Where the legal responsibilities of a company toward animals are relatively clearly defined, the moral responsibilities are not. What a company owes to animals in moral terms depends on its relationship with animals. Companies that own animals bear a primary responsibility, resulting in a duty of care, both legally and morally. However, moral responsibility is not limited to owners; it is passed on through the production chain and affects the responsibility of business partners. Each company who buys animal-based products bears a shared responsibility for the animals the products were derived from. And even outside the production chain, procurement is a responsible activity. In this way, every company has an impact on animals, be it by serving animal-based food in its company restaurants. Therefore, it is important that each company determines the extent of its own responsibility and the relative proportion of it among other responsibility issues. To accomplish this, it is wise for companies to be open to the opinions of all stakeholders. One can think of investors, partners in the production chain, customers, employees, animal welfare NGOs, the general public, etc. Apart from that, there are good arguments to say that the animals themselves are stakeholders too. They are affected by certain actions of companies, although they cannot express themselves – but neither can young children, and still allowing child labor is not done.

Implementation of Animal Ethics in Business Practice

To make the moral responsibility operational, companies often refer to the attention paid to animal welfare and especially to the so-called five freedoms. These were formulated by the Brambell Committee as an ethical guideline for better treatment of farm animals in 1965. The Farm Animal Welfare Committee of the UK reformulated them as:
  • Freedom from hunger and thirst

  • Freedom from discomfort

  • Freedom from pain, injury, or disease

  • Freedom to express normal behavior

  • Freedom from fear and distress

Although these five freedoms are widespread and reflected in legal texts, they tend to be insufficient to deal with the range of responsibilities of companies in the context of animals. They are a “moral floor” rather than a “moral ceiling” that one could strive for. They offer no handles for determining the extent to which these freedoms should be provided. Secondly, the five freedoms are highly utilitarianism inspired and lack room for notions like respect for animals and rights of animals.

Ten Steps to Dealing with Corporate Responsibility Toward Animals

To include animal ethics in the accountability of a company, there are several steps a company can take:
  1. 1.

    Start a think tank for animal ethics.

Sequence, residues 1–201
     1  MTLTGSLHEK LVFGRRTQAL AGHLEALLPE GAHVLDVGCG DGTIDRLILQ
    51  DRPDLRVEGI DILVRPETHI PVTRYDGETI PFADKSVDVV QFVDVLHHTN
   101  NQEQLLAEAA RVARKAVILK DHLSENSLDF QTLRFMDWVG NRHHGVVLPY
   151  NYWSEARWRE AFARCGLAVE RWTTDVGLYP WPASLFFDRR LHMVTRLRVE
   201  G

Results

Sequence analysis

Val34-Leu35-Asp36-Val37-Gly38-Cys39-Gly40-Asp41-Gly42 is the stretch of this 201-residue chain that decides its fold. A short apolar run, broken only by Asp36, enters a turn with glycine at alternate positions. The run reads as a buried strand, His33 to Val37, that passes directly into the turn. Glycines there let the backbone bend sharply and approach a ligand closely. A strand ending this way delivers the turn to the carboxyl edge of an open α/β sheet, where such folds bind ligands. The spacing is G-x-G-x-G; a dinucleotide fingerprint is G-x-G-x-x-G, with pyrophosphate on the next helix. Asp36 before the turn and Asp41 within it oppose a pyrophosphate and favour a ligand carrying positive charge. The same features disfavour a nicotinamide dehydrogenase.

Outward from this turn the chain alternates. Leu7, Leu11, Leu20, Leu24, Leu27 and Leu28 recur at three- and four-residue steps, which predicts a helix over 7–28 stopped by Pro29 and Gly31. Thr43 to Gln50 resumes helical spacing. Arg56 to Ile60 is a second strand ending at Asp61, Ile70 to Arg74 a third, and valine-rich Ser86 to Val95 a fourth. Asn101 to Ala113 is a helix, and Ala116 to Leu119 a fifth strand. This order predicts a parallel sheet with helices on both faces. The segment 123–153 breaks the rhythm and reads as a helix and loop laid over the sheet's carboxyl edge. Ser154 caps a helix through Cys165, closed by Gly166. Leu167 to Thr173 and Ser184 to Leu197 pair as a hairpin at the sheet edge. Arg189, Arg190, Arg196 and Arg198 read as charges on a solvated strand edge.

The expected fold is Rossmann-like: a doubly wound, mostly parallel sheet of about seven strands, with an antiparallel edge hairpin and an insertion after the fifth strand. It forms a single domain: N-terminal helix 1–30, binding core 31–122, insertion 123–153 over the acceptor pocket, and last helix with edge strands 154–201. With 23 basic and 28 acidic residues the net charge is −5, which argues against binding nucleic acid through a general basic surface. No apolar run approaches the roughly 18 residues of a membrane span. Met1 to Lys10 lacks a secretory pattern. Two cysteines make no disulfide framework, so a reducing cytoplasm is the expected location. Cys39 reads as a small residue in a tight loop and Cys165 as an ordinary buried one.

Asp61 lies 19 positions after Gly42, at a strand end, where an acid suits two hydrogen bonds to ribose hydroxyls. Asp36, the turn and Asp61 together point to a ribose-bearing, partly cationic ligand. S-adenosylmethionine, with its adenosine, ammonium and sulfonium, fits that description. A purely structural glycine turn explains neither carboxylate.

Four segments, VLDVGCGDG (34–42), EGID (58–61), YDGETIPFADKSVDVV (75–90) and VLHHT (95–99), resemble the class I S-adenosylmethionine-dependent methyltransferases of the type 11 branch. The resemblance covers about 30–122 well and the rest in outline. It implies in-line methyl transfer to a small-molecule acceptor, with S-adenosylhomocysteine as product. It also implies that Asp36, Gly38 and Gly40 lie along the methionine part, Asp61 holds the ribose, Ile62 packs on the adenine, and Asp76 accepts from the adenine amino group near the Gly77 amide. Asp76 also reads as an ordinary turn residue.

2. 2.

    Identify the impact of the company on animals. Organize a brainstorm with the help of independent ethicists. Listen to animal welfare NGOs during the process.

     
  3. 3.

    Identify the corporate ethical position toward animals. What is the view of the company on animals? Are they things, resources, or living beings? Does their welfare count? Do their rights count? Do their capabilities count? Invite an independent ethicist to moderate the process.

     
  4. 4.

    Do a materiality analysis and identify the importance of animal ethics for the company, in the light of its responsibilities.

     
  5. 5.

    Search the corporate website for the word “animal” and have a look at how the company is talking about animals there. (You can also do a Corporate Commitment to Animals scan; see Janssens and Kaptein 2016.)

     
  6. 6.

    Adopt animal welfare as an official corporate responsibility issue. Include it in the business code and the responsibility report. Tell the public about it on your website and in other documents.

     
  7. 7.

    Connect goals to new insights and plans, design programs, and implement them.

     
  8. 8.

    Dare to be a leader in your industry.

     
  9. 9.

    Tackle challenges in partnerships with relevant partners (NGOs, researchers, the government, industry partners, etc.).

     
  10. 10.

    Inform the media honestly and transparently, in cooperation with your partners.

     

Summary

Animal ethics is not just an add-on for business ethics. Based on what is achieved in the field of animal ethics, any professional in any organizational context has moral reasons for being aware of special responsibilities toward animals. Although there are different accounts in animal ethics, they all agree on the importance of taking the life and welfare of sentient animals into account in decision-making. This can be done by taking steps from identifying an ethical stance toward animals to taking action and communicating transparently about the actions taken and the results achieved.

References

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Copyright information

© Springer International Publishing AG 2017

Authors and Affiliations

  • Monique R. E. Janssens
    • 1
    • 2
    Email author
  • Franck L. B. Meijboom
    • 3
  1. 1.Rotterdam School of ManagementErasmus University RotterdamRotterdamThe Netherlands
  2. 2.Ethisch BedrijfUtrechtThe Netherlands
  3. 3.Ethisch Institute, Utrecht UniversityUtrechtThe Netherlands

Section editors and affiliations

  • Muel Kaptein
    • 1
  1. 1.Erasmus UniversityRotterdamThe Netherlands